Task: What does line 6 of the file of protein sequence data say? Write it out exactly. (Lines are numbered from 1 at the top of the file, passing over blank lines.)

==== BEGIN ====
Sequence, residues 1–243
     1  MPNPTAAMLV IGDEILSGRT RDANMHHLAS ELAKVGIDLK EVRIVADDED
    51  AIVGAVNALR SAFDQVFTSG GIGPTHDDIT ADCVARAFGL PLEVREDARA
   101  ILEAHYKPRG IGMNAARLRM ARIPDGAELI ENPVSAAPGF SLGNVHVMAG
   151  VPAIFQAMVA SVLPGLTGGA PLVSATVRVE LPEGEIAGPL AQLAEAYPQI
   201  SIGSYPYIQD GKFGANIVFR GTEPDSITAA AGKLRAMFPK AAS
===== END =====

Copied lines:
   201  SIGSYPYIQD GKFGANIVFR GTEPDSITAA AGKLRAMFPK AAS